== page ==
While it may not get the attention it deserves compared to its much more popular sibling, the Te Koko 2014 is Cloudy Bay’s answer to premium Sauvignon Blanc. Featuring hand-picked grapes and aged in French oak (versus steel tanks for its regular Sauvignon Blanc), with only 10% alcohol, it’s still citrusy and light but a bit more creamy, with vanilla, stone fruit and floral notes. The lower alcohol content makes it an easy-drinking summer white that’s a better option for food pairing after you’ve sipped a few bottles of the other, more well-known Sauvignon Blanc.
While a few of the younger Pinot Noirs need more time to mellow out, it’s worth tasting the Te Wahi (Maori for “our place”) 2014 for a different view of Cloudy Bay wines. Made with grapes picked from its vineyards in Central Otago and transported to Marlborough in the early-morning hours to ensure that they never get hot, it’s a big Pinot featuring black plum, ripe red cherry, oak and smoke on the nose that still needs a bit of storage time but is worth tasting if you’re in the mood for a more muscular red.
Cloudy Bay wines are available through Watson’s Wine
Charming Old World vineyard and estate meets New World sustainable winemaking
If after a day of touring wineries in Marlborough you feel that you want a taste of something OTHER than New World Sauvignon Blancs, Hans Herzog is your place. A boutique winery and gourmet restaurant in an estate setting overlooking Mediterranean-style gardens, it’s a welcome departure from the larger wineries and the perfect place to end the day with a gourmet meal and an eclectic selection of wines, with something for everyone.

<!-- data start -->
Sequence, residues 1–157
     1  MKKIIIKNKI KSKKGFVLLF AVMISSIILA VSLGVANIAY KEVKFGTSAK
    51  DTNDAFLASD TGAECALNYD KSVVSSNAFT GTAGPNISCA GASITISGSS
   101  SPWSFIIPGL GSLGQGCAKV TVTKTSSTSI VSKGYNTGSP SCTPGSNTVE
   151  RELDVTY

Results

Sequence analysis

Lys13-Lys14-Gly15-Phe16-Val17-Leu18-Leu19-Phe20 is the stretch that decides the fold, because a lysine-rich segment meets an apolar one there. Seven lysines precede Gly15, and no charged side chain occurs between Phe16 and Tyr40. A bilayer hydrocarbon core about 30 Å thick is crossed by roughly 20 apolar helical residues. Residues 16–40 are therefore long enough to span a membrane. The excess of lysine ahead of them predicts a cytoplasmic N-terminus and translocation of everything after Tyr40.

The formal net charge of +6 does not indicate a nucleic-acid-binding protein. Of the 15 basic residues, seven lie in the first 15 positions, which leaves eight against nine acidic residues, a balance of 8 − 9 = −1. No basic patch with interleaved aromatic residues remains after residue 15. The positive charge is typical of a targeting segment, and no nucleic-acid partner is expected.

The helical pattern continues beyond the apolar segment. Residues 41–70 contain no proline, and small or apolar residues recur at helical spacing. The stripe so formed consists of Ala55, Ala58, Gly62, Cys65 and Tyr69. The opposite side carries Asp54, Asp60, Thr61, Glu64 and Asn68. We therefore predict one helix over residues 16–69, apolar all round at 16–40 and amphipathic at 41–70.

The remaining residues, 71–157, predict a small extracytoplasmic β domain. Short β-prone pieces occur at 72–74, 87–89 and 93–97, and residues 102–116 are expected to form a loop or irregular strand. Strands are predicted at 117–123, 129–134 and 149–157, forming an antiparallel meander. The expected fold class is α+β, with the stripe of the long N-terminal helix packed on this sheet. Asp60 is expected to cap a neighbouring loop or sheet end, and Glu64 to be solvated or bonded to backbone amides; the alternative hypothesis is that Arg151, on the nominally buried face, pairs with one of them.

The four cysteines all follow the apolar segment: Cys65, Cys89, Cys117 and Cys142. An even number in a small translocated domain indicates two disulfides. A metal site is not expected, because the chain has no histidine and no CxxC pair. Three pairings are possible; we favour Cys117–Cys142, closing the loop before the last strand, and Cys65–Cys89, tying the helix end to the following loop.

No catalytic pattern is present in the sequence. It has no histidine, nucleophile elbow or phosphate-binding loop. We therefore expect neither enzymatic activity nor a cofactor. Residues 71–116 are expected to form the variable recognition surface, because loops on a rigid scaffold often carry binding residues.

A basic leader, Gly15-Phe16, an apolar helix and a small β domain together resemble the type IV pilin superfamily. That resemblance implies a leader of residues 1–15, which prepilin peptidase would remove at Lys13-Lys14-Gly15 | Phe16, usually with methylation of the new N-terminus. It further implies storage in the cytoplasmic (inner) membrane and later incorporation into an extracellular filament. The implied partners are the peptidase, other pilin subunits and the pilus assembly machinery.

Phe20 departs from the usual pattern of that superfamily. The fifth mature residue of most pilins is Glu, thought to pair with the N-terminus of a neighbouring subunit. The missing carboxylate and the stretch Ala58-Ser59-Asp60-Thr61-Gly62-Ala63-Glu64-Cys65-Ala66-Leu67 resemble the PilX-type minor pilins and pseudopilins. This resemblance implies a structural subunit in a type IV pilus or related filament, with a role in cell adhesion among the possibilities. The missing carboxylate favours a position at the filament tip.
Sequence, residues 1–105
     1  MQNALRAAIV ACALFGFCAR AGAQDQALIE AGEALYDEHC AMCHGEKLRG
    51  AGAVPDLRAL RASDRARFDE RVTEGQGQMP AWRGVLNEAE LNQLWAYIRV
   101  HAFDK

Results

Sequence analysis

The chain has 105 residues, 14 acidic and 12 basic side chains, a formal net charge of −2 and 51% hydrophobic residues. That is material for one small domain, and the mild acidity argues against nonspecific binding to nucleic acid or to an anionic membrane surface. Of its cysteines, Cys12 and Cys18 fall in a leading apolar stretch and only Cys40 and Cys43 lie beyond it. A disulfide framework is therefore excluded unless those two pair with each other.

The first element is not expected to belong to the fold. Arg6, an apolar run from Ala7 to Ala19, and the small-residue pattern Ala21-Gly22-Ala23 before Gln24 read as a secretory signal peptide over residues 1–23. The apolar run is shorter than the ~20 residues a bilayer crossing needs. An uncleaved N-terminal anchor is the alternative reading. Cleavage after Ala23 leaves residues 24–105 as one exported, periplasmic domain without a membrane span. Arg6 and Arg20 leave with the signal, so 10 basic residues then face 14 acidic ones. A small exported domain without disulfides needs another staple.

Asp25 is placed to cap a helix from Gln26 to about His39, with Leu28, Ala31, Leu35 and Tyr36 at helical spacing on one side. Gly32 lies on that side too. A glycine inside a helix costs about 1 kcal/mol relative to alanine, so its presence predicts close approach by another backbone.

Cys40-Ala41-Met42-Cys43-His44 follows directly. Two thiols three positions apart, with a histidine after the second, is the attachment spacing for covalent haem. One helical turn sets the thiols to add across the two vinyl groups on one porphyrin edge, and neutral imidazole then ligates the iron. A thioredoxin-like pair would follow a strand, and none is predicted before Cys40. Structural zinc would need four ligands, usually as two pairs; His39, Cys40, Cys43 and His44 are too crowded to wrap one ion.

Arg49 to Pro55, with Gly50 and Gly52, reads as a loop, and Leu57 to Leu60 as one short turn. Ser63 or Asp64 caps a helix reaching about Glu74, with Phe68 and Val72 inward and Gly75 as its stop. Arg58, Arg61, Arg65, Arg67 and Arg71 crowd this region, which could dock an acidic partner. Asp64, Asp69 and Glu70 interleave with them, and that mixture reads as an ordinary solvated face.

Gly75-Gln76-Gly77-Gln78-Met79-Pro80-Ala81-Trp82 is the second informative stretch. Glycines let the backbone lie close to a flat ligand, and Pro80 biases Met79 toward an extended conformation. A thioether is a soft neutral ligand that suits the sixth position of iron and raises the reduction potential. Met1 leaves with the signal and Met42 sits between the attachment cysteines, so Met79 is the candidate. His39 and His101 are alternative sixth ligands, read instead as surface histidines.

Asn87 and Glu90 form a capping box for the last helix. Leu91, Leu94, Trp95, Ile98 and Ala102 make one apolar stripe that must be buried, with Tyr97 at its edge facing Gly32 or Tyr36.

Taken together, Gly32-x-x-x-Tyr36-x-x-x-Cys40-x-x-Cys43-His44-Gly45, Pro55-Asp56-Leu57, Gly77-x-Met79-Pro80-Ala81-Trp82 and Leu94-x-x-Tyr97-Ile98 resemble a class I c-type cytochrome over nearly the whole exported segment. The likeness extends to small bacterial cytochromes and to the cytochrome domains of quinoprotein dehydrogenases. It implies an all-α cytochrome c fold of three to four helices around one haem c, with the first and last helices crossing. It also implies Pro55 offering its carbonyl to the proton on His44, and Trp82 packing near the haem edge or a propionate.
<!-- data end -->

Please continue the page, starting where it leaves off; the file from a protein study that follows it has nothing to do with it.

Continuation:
It’s a world tour in the Hans Herzog tasting room. Founded by the namesake Swiss winemaker and his wife, Therese, Hans Herzog offers an astonishing array of 30 varietals on 11.5 hectares of land, formerly an apple orchard. As a winemaker who came to New Zealand to produce Bordeaux-style wine and other varieties that couldn’t be made at his former winery in Zurich, we appreciated the opportunity to compare and contrast with lesser-known, classically grown European grapes including Gruner Veltliner, Zweigelt, Arneis and even Nebbiolo.
Our favourites included the Mistral 2014, a blend of Viognier, Roussanne and Marsanne (otherwise known as a southern Rhône white blend), and the aptly named Spirit of Marlborough 2014, a Bordeaux-style blend that ended our day in Marlborough with velvety, ripe tannins, rich dark plum and cherry, blackcurrant and a hint of liquorice, all balanced by earthiness, leather and chocolate – good enough to enjoy alone by the mouthful (we love velvety liquids!) or with a hearty protein.
With Herzog’s penchant for perfection and passion for winemaking, given the number of varietals, the wines are produced in limited quantities. As with most wineries in New Zealand, Hans Herzog prides itself on sustainable, biodynamic and organic winemaking methods.
To taste Hans Herzog wines, contact the winery for distributors in Asia
Note that for each winery we have indicated where the wines are generally available for purchase in Hong Kong, but not all varietals are available. Contact the wineries themselves for details regarding distribution.
Like what you’ve been reading? Stay tuned for Part 2 in this series where we travel further south to Central Otago (aka Pinotville) to enjoy some of the best wines (and food!) in New Zealand.